The feature directorial and writing debut of veteran Creature FX Designer Alec Gillis (Aliens, The Monster Squad, Starship Troopers), Harbinger Down stars genre legend Lance Henriksen (Aliens, Near Dark, Pumpkinhead) and Matt Winston (Little Miss Sunshine, A.I. Artificial Intelligence), and it’s slated for release sometime soon. In addition to the trailer, we have the synopsis and two posters for you to check out:
“A group of grad students have booked passage on the fishing trawler Harbinger to study the effects of global warming on a pod of Orcas in the Bering Sea. When the ship »
- Derek Anderson
Fed up with Hollywood’s fondness for CGI? Nostalgic for the days of practical effects-heavy horror movies like John Carpenter’s The Thing and the early Alien movies? Then you’re going to want to check out the trailer for the new, Lance Henriksen-starring creature feature Harbinger Down.
The Kickstarter-funded directorial debut of special effects maestro Alec Gillis — whose credits include Starship Troopers and, more recently, Ender’s Game — the movie claims to be an all-practical affair. According to the official synopsis, the film concerns, “a group of grad students have booked passage on the fishing trawler Harbinger to »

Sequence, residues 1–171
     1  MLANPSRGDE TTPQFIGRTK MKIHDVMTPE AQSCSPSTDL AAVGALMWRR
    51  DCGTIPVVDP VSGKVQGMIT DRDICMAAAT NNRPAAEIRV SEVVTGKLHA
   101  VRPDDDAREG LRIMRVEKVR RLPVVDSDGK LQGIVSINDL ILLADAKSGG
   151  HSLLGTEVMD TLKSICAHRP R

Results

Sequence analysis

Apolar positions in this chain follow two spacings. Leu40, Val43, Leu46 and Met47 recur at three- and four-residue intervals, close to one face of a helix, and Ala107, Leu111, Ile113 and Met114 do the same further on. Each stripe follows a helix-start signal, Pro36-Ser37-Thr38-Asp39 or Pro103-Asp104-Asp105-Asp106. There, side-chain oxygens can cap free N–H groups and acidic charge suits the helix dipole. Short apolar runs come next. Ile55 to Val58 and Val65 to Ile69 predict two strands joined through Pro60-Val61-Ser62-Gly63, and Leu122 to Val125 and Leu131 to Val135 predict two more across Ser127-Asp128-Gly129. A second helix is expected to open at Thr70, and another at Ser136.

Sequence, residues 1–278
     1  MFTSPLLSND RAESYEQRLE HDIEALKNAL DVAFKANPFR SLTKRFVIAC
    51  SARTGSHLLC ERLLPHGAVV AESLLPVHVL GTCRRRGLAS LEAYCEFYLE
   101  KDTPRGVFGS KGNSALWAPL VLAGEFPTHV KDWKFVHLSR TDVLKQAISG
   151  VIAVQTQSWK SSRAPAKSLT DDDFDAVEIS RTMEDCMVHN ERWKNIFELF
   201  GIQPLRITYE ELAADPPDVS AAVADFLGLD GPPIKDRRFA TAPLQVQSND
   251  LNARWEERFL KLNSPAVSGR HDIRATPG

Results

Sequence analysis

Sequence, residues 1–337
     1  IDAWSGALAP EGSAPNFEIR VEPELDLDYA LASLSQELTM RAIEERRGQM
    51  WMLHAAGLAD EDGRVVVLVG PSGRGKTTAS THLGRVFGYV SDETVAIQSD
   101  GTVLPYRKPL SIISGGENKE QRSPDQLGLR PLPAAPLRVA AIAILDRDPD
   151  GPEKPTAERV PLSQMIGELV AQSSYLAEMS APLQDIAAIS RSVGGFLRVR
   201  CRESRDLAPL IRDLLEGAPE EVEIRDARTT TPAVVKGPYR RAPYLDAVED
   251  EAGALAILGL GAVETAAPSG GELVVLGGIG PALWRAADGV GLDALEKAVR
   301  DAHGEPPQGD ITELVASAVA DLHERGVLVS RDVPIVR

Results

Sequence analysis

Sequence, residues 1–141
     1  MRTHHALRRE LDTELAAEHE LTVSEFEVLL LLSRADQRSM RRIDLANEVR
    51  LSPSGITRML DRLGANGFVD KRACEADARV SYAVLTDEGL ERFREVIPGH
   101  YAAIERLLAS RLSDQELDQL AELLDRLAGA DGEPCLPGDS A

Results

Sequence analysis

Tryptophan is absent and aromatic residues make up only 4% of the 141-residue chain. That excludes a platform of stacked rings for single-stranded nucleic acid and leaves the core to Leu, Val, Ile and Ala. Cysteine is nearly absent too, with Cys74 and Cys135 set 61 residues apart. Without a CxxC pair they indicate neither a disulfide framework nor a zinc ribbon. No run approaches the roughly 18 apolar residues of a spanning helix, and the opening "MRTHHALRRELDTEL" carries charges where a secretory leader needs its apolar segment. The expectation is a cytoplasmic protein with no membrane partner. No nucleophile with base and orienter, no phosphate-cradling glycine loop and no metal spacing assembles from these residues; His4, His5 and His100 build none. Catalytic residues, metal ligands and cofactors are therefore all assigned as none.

- Clark Collis
The rapid evolution of CGI means that traditional practical effects are becoming an increasingly rare sight in mainstream movies. A recent case in point: The Thing. Where John Carpenter's 1982 film was a showcase for Rob Bottin's extraordinary practical effects (with a few moments arriving courtesy of Stan Winston), the 2011 prequel was dominated largely by CGI.
In reality, the FX team Amalgamated Dynamics - previously responsible for the effects in such films as Alien 3 and Alien: Resurrection, to name but two - had created a range of icky practical creatures for The Thing 2011, only to have studio executives decide to overlay their work with CGI at the 11th hour.